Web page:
Bringing the Word to Life


Essays on Interpreting the Bible in Ordinary Time

By Scott Hahn

Emmaus Road Publishing, 2009

157 pages, $15.95

To order:

(800) 398-5470

As C.S. Lewis once wrote, “It is Christ himself, not the Bible, who is the true word of God. The Bible, read in the right spirit and with the guidance of good teachers, will bring us to him.”

Scott Hahn, a professor of theology and Scripture at Franciscan University of Steubenville, seems to me to be one of those good teachers under whose guidance one can come closer to Christ through the study of Scripture. His style is plain but clear and solidly based on research, and I believe it passes Lewis’ test for religious writers: If they can’t put what they think into plain English, then either something is wrong with their thinking or they are trying to pull one over on the reader.

And you don’t have to worry about something else Lewis mentioned with regard to Bible scholars: “When you turn from the New Testament to modern scholars, remember that you go among them as a sheep among wolves. Naturalistic assumptions, beggings of the question … will meet you on every side — even from the pens of clergymen.”

Hahn is on the side not of the wolves but of the sheep and the Shepherd.

Hahn’s Spirit & Life: Essays on Interpreting the Bible in Ordinary Time is divided into two sections — “Spirit” and “Life” (although nowhere is it explained why this division was made or why each essay was placed in its respective section). The book consists of lectures, essays and, by my count, three previously unpublished essays. Despite the lack of thematic unity (unless you want to say Scripture is the theme), the essays and lectures are well worth reading.

Hahn reflects on God’s word as a symphony, the biblical Christology and hermeneutics of faith of Pope Benedict XVI, the liturgical sense of Scripture, the meaning of the cathedral, the Book of Matthew, the idea of Christ as both Lion and Lamb, and teaching.

The two lectures on Pope Benedict’s theology are essential reading for those interested in the Pope’s thought and are an excellent introduction to his book Jesus of Nazareth.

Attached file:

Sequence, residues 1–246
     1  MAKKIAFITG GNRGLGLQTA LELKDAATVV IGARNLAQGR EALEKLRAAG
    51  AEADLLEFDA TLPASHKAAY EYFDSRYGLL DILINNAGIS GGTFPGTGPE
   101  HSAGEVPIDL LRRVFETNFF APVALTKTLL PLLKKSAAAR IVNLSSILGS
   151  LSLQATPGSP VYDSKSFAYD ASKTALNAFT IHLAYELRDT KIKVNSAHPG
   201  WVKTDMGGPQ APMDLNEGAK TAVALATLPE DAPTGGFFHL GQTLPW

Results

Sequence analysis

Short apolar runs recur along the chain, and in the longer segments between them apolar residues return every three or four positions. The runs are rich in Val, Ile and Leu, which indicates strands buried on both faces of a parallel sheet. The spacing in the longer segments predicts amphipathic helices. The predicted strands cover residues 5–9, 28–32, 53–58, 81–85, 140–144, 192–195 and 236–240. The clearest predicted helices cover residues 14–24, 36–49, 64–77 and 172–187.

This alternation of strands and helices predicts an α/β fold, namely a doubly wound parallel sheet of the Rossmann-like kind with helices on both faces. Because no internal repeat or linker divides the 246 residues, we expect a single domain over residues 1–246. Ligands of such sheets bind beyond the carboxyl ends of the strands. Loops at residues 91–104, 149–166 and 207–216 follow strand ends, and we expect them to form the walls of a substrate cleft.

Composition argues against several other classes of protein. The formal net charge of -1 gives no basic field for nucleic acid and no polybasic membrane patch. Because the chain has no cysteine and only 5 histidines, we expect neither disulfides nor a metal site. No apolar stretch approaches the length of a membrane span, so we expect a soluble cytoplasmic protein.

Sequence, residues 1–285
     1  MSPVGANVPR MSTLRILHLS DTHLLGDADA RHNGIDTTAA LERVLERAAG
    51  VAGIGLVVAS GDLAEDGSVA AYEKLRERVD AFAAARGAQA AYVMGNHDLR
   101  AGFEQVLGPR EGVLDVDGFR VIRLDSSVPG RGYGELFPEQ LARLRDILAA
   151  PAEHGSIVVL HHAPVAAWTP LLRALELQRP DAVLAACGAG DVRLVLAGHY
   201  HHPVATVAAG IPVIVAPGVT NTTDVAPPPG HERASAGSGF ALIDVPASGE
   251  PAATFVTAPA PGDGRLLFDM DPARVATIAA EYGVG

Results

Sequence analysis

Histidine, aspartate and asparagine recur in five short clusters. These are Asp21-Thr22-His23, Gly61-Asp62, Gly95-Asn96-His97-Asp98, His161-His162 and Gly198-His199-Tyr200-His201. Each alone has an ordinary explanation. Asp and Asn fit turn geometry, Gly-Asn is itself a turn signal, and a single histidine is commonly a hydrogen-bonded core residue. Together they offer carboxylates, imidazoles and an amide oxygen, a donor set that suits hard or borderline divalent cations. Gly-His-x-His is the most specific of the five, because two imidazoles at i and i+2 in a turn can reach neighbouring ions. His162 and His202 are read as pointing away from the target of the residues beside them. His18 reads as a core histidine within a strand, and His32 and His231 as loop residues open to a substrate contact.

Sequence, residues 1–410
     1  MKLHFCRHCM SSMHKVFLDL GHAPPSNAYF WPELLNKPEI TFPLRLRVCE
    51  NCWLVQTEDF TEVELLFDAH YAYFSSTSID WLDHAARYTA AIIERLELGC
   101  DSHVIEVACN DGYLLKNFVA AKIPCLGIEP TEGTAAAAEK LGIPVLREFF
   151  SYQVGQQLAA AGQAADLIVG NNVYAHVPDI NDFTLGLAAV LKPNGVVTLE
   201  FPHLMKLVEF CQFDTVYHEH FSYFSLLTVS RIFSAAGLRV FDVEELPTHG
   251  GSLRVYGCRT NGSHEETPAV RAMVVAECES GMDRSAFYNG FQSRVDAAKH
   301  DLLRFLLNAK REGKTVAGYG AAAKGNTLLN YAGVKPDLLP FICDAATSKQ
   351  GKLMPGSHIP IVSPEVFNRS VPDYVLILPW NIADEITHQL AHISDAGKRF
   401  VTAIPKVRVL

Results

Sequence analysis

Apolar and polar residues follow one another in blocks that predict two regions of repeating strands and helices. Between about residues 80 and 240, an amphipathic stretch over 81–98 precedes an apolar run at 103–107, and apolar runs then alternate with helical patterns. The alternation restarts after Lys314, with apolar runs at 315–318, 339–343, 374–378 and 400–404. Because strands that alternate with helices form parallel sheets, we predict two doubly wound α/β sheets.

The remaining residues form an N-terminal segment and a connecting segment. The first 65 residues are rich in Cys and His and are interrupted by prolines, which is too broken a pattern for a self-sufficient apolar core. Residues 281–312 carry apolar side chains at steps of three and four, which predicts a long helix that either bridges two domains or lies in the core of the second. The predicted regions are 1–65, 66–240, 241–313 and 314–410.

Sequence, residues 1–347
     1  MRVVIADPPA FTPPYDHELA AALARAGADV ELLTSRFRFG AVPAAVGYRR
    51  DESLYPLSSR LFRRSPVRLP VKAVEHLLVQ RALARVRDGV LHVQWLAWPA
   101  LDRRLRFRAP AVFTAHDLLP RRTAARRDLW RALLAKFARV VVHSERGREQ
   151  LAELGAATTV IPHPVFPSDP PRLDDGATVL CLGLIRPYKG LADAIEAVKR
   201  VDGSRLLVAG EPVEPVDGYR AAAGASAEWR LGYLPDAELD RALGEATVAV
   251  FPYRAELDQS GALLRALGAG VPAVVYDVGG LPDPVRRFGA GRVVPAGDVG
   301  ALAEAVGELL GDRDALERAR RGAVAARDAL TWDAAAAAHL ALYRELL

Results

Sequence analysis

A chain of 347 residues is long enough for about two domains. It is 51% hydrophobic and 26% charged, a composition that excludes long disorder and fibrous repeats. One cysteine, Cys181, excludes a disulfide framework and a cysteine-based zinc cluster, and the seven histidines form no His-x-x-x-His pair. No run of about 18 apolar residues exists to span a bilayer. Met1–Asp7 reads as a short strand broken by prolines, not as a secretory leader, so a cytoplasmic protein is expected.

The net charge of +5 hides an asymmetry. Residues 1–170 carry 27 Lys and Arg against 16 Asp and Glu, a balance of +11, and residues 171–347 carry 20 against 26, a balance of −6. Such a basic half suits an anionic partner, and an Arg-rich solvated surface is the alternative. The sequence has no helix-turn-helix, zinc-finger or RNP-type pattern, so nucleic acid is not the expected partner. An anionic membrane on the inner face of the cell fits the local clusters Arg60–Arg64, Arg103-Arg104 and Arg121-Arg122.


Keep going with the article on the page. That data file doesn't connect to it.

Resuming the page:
And, in general, Hahn is a master at revealing the connections between the Old and New Testaments and showing how both coinhere with each other and with the liturgies of believers both Jewish and Christian.

My favorite essay, though, is “Christ in Majesty, Scary Jesus,” in which, beginning with a description of the colossal mosaic “Christ in Majesty” that “dominates the great upper church at the Basilica Shrine of the Immaculate Conception in Washington, D.C.,” Hahn goes on to explore the “disquieting paradox” of Christ as judge being the same Christ as lamb.

“The icon forces us to confront a seeming contradiction in Christianity,” Hahn writes. “Our Lord is a just judge, a powerful vindicator, whose wrath is capable of consigning mortal sinners to hell; yet Our Lord is merciful and as meek as a lowly barnyard animal in its infancy. ... The dogmatic truth is that we need not choose. The mystery of the Incarnation demands that we accept the perfect union of many seemingly incompatible things: The finite contains the infinite; the eternal enters time; the sacrificial lamb presides on the Day of Wrath.”

The only time I paused to question Hahn was in his essay on Pentecostal phenomena, in which he discusses the gift of tongues. He fails to mention that the gifts of tongues in Acts 2 were manifested as the speaking of foreign languages, not the glossolalia one would hear at a charismatic service.

But overall, Hahn inspires the believer to partake more knowledgeably at the table of God’s word and so come to know better Christ the Lord, the Word of God.

Franklin Freeman writes

from Saco, Maine.